When I offer my patients to meet with Ghislaine, I introduce her as a “patient partner” working
with me. I explain that she has a lot of experience being a patient herself and helping other
patients develop their own skills, navigate inside the health system, and reconnect with their
own community. Most of the time, patients are surprised, a bit puzzled, but keen to give it a try.
We have followed over 20 patients together and it happened only once that the family of one of
my patients insisted that only professionals be involved in the care of their mother.

When patients accept, we book an initial joint appointment at the clinic on a day where
Ghislaine and I are present. I do a short face-to-face introduction to launch the relationship,
summarize the reason for referral, and illustrate that Ghislaine and I work together as trusted
team members. This short, 5 to 10 minute face-to-face connection is critical and lays the
foundation for Ghislaine’s work. While many of my patients resist seeking help from community
resources through simple social prescription and referral to a community organization, we have
observed patients’ willingness to “trust someone their doctor trusts and works with.”

We keep paperwork to a minimum. We’ve established that mutual confidentiality should be
maintained. Ghislaine has no access to patients’ medical files, while clinical staff have no
access to what patients’ share with patient partners, unless there is an emergency (eg. suicidal
ideas) or patient’s request to share relevant information that would help improve their care (eg.

Boivin A, Rouly G. Community initiative co-led with patients could improve care for people with complex
health and social needs. British Medical Journal (Partnership in Practice). February 28, 2020
share new symptoms that they were shy to express directly to their clinicians). We also ask that
patients respect confidentiality and do not disclose personal experiences shared by patient
partners. These simple rules of engagement reassure people that their medical file remains
private. It also creates a new confidential space to share personal concerns with the patient
partner acting as a non-judgmental peer, revealing issues that are often not disclosed to health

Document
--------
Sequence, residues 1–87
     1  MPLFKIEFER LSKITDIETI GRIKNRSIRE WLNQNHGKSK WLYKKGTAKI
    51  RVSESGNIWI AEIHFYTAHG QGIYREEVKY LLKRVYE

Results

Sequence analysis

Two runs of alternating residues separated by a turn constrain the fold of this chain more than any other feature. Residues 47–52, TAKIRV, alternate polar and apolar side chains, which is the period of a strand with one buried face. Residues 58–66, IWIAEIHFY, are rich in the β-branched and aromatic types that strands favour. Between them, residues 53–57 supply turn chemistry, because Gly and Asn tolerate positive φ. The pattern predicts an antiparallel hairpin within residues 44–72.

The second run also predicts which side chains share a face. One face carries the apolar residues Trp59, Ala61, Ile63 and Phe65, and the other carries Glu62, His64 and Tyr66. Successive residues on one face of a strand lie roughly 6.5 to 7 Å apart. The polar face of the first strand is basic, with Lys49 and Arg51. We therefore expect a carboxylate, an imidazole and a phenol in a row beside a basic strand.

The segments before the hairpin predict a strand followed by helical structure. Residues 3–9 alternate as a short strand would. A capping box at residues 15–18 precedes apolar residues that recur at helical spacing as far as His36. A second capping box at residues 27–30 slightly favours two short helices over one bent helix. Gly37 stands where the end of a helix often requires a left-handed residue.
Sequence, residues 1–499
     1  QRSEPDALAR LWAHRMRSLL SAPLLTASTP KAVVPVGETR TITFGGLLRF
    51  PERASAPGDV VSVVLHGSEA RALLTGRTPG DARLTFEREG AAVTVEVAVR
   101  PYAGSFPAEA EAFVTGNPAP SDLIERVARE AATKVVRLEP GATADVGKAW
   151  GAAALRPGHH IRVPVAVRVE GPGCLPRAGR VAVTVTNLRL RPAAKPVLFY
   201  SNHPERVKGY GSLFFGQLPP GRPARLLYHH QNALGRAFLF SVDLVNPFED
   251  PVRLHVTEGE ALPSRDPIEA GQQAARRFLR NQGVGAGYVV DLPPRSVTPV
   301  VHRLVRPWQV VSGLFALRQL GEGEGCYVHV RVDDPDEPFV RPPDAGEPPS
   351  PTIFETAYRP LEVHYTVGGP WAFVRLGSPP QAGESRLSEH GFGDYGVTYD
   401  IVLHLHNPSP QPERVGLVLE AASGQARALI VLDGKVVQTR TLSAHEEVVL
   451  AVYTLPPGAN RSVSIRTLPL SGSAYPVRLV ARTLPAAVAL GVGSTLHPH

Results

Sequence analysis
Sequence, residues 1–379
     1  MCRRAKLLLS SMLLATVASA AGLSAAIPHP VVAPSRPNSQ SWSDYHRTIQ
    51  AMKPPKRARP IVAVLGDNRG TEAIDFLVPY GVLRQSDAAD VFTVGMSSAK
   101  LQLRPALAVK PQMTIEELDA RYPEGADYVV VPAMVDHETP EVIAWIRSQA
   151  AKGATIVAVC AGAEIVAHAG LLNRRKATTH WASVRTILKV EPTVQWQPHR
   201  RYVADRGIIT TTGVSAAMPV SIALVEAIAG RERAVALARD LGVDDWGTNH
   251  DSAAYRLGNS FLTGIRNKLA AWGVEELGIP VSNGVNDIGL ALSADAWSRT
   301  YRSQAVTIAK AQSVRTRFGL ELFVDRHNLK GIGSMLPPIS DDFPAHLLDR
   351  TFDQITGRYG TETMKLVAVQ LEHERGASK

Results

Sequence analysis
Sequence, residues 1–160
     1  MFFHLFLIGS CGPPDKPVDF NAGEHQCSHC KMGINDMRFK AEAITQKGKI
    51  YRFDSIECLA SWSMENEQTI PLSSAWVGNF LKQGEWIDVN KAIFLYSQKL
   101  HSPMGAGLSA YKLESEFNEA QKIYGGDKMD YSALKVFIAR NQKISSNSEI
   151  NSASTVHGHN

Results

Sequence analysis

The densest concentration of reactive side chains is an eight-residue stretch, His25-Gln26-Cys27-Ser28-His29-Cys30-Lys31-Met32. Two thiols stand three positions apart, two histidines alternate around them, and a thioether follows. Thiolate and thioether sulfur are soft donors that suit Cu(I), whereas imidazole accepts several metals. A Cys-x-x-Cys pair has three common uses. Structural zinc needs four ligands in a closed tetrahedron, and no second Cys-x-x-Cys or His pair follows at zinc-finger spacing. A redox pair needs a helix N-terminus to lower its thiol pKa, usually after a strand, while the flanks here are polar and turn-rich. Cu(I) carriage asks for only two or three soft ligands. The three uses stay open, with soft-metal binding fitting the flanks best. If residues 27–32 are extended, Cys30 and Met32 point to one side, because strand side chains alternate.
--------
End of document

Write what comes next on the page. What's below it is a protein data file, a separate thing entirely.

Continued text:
providers, but profoundly affect their care and wellbeing. Once trustful relationships are
established, patients can be empowered to share the right information with the right clinician or
caregiver, to ensure that their care is truly aligned with their own goals and priorities.

Ghislaine: There are three facets to my work: listening, coaching, and connecting. My first
meeting with the patient focuses on listening and understanding who the patient is as a person
and what challenges they are experiencing in their life. My opening line is often: “Who are you
and how could I help you to achieve your goals today?” I listen, often for an hour or more,
without trying to find a solution. For many, this is like a dam that is breaking up. It is impressive
to hear the intimate stories that are shared with me during that very first meeting and that have
often not been told to anyone else: childhood abuse, unexpressed sexual orientation, drug use,
poverty, financial and family abuse, fear of death and loss of autonomy. One of the patients
said that meeting me made him feel that he was “having someone at his side”, as opposed to
having a professional “sitting on the other side” of the desk.

In follow-up meetings (which can be arranged at the clinic, in cafes, at home, in the hospital, or
in the community) I help patients identify and achieve a personal life goal that is important,
feasible, and realistic for them. Patients’ goals can relate to their health (eg. reduce my pain to
sleep better, reduce my visits to the hospital to spend more time with my grand-daughter, get a
dental implant to improve my self-esteem) or social goals (eg. get out of my house 3 times a
week to meet people and feel less lonely). We identify what resources they have in themselves
and in their support network to achieve these goals (their health professionals, family,
community members). I am struck by two things here. First, people often choose goals that
have nothing to do with their disease and start thinking about themselves beyond their identity
as a patient. Rapidly, the conversation switches from “what can others do for my health” to
“what can I achieve with others for myself”. Second, I am often impressed by what patients
can achieve after 1 or 2 meetings (eg. a patient who felt more confident to express her needs
to her pain specialist, another who was stuck in her home for years who rapidly started to
socialize and involve herself in community groups).

A third component of my work is the “connecting role.” I help patients recognise and
rediscover their own strengths, capacities, and dreams, rather than seeing only their disease,

Boivin A, Rouly G. Community initiative co-led with patients could improve care for people with complex
health and social needs. British Medical Journal (Partnership in Practice). February 28, 2020
their losses, and the barriers around them. I also facilitate a reconnection between patients and
their family, friends, and their natural support network which they often abandon once they get
sick, either because of shame or fear of being a burden. I also help them connect more
effectively with their clinicians, have the courage to express their needs and concerns (eg. talk
about the side effects of medication), and guide them toward other health professionals such
as a social worker or psychologist. Finally, I help connect them to their broader community (eg.
leisure and cultural activities, support groups, voluntary organizations): who are likely to help